Bill would reauthorize FDA fees for drugmakers
■ As the House and Senate work to resolve differences on legislation that also includes drug-safety provisions, FDA employees are handed a reprieve on lay-off notices.
By Susan J. Landers — Posted Aug. 20, 2007
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Washington -- Drug safety continues to be a hot topic on Capitol Hill.
Congress has been crafting legislation to reauthorize the Food and Drug Administration's prescription drug user fee program, which is set to expire at the end of September. The measure also contains several drug-safety upgrades.
Separate bills have been passed by each chamber, and differences between them are being ironed out.
FDA officials and others have been eagerly awaiting a final law, warning legislators that without the reauthorization measure in place, employees would have to be laid off because the user fees pay their salaries.
But in something of a reprieve, FDA Commissioner Andrew von Eschenbach, MD, told reporters during an Aug. 2 meeting that "carry-over" funds are available to pay salaries. These reserve funds should last until September, said Dr. von Eschenbach.
Congress was scheduled to adjourn at the beginning of August and not return until September, when conferees are expected to renew their reconciliation efforts.
In addition to continuing the user fee program -- in which pharmaceutical companies are expected to pay the agency about $390 million next year to have their products reviewed promptly -- both measures contain several provisions intended to improve postmarketing surveillance of drugs, and dedicate funds to that effort.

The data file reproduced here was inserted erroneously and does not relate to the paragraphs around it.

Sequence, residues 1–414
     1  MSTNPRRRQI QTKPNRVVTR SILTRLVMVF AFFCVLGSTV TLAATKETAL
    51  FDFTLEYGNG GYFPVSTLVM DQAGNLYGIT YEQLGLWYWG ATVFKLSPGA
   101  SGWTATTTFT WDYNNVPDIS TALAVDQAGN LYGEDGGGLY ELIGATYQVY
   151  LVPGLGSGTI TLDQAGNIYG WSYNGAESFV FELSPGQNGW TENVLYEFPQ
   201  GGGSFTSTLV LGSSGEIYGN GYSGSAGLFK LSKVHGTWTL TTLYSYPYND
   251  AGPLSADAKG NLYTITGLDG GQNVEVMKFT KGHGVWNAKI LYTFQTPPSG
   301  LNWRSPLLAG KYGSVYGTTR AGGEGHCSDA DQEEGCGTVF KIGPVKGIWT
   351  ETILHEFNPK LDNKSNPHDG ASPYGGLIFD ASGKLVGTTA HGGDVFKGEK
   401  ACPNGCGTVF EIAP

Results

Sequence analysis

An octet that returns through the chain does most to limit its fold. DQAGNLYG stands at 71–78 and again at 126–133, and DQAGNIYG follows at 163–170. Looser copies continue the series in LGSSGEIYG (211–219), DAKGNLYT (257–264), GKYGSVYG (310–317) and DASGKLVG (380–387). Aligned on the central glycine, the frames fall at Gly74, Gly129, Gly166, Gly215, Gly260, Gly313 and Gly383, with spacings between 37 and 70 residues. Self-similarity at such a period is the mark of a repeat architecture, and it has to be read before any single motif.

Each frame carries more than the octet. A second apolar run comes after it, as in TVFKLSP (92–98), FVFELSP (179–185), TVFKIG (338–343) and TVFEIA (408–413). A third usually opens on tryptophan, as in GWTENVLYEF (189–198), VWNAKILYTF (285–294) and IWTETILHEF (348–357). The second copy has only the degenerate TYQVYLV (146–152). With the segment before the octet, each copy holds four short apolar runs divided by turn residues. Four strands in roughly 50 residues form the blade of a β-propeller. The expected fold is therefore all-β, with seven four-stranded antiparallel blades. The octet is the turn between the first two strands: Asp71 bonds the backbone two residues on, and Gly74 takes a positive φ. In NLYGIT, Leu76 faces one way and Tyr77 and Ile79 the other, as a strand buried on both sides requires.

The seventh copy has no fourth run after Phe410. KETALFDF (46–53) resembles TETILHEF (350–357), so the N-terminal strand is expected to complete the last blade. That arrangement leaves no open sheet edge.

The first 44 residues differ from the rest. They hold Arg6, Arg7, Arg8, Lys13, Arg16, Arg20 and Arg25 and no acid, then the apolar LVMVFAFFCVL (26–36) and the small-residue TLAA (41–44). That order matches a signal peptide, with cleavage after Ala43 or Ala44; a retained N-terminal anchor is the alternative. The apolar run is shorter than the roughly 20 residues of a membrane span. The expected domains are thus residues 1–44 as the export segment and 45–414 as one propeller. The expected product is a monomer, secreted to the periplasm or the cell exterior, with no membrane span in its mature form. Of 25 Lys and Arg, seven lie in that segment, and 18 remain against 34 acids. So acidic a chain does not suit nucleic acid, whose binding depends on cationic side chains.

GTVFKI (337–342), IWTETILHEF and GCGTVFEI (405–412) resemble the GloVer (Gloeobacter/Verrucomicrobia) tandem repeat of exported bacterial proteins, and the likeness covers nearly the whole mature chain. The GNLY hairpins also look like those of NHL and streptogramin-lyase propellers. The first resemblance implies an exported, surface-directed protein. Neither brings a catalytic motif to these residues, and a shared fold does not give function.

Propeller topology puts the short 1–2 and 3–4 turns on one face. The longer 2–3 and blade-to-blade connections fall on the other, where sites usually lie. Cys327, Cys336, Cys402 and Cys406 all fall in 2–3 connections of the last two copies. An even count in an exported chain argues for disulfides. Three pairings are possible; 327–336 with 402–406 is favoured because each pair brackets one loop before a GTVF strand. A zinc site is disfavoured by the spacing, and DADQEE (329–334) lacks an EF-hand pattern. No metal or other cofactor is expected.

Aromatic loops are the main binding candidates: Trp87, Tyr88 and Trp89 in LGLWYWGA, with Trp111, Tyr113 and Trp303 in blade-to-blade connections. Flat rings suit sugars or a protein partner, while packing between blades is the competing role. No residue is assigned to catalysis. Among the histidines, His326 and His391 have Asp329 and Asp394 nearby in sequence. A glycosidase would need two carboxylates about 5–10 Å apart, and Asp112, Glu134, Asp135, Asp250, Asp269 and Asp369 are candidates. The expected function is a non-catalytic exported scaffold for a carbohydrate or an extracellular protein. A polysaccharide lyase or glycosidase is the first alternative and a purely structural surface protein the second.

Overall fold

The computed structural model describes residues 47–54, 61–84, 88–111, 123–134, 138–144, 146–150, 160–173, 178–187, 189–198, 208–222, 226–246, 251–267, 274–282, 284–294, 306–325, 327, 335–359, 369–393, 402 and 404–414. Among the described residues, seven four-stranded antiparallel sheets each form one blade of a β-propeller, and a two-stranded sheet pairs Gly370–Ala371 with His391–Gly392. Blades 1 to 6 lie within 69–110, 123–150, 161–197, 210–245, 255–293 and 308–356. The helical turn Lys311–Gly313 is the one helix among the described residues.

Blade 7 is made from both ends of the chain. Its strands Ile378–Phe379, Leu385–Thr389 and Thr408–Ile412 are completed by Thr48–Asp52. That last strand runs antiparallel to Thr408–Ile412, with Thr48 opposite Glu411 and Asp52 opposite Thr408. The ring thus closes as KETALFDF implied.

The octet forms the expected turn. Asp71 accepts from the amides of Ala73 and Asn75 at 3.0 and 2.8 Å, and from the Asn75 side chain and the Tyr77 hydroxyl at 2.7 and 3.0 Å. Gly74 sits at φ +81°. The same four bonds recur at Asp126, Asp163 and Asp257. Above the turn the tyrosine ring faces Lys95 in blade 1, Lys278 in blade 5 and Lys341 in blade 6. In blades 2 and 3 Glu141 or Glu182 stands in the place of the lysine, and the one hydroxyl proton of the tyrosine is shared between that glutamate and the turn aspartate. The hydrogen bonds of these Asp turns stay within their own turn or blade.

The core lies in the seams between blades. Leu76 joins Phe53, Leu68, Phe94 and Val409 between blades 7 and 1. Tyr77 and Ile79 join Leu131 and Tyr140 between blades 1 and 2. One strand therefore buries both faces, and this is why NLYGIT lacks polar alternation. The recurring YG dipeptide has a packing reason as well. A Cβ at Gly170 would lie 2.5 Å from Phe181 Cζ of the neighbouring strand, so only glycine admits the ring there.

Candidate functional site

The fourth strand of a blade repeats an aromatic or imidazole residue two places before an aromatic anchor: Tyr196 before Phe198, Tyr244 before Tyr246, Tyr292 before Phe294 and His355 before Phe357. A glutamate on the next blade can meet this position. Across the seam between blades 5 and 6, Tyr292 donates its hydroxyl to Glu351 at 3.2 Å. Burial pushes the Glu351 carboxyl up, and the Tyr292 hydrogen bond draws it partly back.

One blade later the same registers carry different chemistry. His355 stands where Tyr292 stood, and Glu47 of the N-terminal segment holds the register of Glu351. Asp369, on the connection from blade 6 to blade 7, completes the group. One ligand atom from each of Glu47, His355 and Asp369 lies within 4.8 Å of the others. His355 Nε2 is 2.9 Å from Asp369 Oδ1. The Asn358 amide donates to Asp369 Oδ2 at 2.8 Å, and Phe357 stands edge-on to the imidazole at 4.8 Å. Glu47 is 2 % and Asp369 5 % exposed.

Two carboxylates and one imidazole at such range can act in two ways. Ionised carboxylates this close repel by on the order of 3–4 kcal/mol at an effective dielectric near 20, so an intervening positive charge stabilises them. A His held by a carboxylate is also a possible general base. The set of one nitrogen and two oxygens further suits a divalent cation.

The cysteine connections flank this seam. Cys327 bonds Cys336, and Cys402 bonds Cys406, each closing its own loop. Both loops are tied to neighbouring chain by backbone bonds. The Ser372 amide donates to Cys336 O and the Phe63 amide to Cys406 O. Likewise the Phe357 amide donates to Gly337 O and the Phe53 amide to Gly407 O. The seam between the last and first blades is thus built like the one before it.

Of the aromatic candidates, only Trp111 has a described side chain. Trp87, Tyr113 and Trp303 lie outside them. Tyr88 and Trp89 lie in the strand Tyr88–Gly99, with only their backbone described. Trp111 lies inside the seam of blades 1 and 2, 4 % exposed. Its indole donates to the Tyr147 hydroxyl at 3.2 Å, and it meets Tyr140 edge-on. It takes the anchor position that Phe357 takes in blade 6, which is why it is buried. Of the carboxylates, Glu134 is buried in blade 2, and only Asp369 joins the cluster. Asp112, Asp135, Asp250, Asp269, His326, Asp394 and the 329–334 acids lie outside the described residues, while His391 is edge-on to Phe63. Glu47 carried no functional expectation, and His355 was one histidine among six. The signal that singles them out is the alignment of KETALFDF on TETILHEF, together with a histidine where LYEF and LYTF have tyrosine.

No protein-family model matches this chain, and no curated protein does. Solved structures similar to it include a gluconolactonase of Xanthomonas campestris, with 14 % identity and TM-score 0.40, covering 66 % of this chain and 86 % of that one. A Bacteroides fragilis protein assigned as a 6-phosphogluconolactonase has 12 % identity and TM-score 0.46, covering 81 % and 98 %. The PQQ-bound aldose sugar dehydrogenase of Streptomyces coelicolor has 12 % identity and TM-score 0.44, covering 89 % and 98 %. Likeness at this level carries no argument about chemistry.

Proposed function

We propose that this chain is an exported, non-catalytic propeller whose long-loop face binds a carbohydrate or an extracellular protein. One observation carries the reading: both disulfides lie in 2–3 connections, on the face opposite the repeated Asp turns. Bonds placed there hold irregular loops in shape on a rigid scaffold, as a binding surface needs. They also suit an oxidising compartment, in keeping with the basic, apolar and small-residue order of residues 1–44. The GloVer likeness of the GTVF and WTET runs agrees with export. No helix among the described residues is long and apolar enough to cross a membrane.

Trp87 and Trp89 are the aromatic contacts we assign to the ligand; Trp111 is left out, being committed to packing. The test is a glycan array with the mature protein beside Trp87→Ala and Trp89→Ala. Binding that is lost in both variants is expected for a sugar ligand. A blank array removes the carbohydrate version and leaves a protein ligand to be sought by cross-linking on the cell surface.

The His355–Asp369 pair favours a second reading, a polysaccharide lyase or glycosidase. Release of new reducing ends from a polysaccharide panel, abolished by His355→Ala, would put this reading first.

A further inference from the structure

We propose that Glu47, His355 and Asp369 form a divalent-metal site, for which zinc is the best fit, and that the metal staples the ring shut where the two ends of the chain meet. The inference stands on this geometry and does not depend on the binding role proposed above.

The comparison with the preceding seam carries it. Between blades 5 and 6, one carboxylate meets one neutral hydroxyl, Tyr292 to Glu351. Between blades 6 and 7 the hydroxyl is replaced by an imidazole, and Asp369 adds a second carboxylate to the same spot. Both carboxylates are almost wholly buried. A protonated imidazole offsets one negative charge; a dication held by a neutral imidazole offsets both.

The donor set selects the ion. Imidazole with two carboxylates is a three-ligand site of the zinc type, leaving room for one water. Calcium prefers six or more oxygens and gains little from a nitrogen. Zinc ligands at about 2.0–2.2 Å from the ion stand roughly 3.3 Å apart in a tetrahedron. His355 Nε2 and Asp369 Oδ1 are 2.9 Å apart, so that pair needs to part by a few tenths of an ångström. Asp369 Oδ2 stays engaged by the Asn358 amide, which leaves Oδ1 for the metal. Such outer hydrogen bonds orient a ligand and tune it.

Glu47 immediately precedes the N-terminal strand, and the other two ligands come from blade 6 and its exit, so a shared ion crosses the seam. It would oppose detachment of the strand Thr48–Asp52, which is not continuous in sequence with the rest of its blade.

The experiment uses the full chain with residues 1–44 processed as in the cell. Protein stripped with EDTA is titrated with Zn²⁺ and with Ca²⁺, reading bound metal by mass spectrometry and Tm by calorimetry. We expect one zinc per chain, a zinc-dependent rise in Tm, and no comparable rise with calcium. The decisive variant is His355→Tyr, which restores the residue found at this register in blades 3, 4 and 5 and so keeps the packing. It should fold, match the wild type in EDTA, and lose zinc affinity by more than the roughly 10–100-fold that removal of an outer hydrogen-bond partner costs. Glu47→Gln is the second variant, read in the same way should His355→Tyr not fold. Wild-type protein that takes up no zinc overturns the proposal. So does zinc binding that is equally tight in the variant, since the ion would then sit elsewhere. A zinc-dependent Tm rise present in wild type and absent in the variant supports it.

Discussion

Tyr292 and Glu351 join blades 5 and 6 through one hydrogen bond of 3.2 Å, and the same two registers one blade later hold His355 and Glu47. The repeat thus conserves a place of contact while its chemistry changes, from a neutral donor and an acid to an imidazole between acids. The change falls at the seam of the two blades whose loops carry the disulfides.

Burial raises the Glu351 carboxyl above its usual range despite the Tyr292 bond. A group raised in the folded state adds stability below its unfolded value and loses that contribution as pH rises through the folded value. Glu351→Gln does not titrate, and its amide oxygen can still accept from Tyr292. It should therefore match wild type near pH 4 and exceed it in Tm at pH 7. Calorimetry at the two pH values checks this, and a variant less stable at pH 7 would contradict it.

The Senate approved its bill in May, while the House passed legislation in July. Although both bills would require the same basic measures, namely establishment of a computerized network to scan public and private health insurance and pharmacy records for possible safety problems, the House version does not include a timetable for implementing the network. The bills also differ on the amounts of fines that can be levied against drug companies that violate safety regulations. The House would fine companies up to $10 million for a single violation, while the Senate would impose a $1 million fine.
Only the Senate bill contains a controversial provision that would allow the FDA to approve generic versions of biologic drugs. Biologics are derived from living cells, and some observers argue that they would be difficult to duplicate in generic versions.
The AMA has worked on both bills with the intention of preserving "physicians' ability to prescribe drugs that are necessary for the care of their patients without onerous government-imposed restrictions," said Cecil B. Wilson, MD, immediate past chair of the AMA Board of Trustees.